Fire up the pit, here I come!!!!!
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Thursday, April 10, 2014
There weren't too many options for barbecue around Scotland, but there was one spot in Stirling that was definitely on my radar. Who could resist a place called The Kilted Kangaroo?
This is a fun joint with a lively atmosphere. They have a great bar, which plays host to nightly entertainment that includes console gaming, musical bingo, karaoke, and trivia. There's also a large private function room available, which, according to The Kilted Kangaroo website, is perfect for everything from "Stag and Hen Parties" to funerals and christenings. I'm not sure I'd pick this place for a post-funeral meal, but it seemed like a great lunch spot nonetheless.
The decor is about what you'd expect from an Aussie joint: swamp-painted walls, shark teeth, mounted croc heads, and even a standee of The Crocodile Hunter (may he rest in peace). According to Mrs. Barbecue Fiend, the ladies' restroom had a coin-operated hair straightener. I'm sure that's helpful for the women folk on those wet, rainy days in Scotland.
Naturally, I started things off with a pint of Fosters. Despite its Australian leanings, The Kilted Kangaroo also serves up some more traditional Scottish fare. I decided on an appetizer order of Breaded Haggis Balls, which come coated in breadcrumbs and served with a whisky (their spelling) sauce. My wife was too timid to try more than a tiny bite of this organ meat delicacy, but I dug right in.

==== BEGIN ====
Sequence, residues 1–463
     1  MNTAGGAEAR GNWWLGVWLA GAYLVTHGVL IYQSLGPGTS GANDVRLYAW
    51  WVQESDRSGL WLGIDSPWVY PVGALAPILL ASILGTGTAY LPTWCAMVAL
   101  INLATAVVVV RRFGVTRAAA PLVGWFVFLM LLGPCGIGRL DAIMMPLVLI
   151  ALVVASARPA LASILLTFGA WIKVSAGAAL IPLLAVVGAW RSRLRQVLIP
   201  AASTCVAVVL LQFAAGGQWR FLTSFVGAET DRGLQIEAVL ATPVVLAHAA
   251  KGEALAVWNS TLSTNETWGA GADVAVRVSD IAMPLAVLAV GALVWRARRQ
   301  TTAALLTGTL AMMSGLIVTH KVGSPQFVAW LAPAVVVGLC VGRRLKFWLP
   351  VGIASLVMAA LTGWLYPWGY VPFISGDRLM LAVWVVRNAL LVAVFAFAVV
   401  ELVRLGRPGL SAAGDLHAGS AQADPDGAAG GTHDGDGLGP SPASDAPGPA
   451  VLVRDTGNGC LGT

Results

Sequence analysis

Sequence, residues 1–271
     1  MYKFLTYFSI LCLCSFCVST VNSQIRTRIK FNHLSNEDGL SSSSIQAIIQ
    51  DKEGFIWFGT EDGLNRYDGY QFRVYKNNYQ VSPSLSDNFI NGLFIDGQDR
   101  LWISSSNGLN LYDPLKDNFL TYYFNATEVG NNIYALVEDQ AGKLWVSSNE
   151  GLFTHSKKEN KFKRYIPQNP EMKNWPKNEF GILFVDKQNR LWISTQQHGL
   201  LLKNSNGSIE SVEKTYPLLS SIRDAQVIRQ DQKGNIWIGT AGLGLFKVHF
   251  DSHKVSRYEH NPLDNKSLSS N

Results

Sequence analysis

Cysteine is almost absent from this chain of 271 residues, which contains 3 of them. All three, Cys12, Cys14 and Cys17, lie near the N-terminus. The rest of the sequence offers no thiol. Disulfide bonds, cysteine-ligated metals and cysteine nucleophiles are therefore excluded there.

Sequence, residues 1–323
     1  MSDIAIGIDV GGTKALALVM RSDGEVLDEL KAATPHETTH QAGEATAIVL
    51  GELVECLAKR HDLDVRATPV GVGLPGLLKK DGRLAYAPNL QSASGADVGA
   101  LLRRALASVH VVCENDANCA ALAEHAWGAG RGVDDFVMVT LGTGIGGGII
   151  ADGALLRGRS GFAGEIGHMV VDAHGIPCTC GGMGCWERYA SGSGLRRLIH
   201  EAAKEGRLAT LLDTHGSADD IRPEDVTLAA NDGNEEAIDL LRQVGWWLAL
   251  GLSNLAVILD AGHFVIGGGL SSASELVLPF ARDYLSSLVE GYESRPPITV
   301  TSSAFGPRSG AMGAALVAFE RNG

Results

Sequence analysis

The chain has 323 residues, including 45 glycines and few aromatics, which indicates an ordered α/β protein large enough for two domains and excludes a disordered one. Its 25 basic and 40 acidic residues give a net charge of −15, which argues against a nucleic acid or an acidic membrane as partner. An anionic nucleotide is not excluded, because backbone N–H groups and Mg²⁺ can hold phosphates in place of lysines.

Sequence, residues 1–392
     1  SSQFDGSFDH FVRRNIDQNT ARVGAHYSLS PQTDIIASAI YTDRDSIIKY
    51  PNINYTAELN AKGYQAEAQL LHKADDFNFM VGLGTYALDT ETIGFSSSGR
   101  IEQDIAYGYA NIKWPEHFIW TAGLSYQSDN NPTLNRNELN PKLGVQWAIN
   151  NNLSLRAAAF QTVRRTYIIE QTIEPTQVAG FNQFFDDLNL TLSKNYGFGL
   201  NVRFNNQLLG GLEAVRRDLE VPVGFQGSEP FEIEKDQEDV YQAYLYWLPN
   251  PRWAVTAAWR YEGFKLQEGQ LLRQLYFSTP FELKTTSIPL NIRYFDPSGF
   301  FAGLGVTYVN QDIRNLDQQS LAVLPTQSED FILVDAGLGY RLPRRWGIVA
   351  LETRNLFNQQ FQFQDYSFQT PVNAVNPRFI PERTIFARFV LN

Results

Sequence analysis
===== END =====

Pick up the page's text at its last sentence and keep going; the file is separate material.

The breading was a significant improvement on traditional haggis in my humble opinion. It was nicely salted and also had a good hit of black pepper. The breading kept it from being as crumbly as other haggis I've tried. The creamy whiskey sauce added a nice flavor to the mix. If you're eating haggis for the first time, these breaded haggis balls are definitely the way to go.
Aussies seem to use the term "BBQ" more loosely than we do in the States, so I played things safe and stuck to the ribs. I ordered a rack of baby back ribs, which comes with salad and fries.
The salad which accompanies their entrees is the Aussie House Salad: mixed peppers, red onion, carrot, cherry tomatoes, spring onions, croutons, and honey mustard dressing. It was a pretty standard side salad, but looked mostly like cucumbers and tomatoes with the junk parts of lettuce. I'm not big on veggies in general, so I passed. The fries also looked pretty basic and came buried under my slab of ribs. The sweet barbecue sauce gave them a nice taste at least.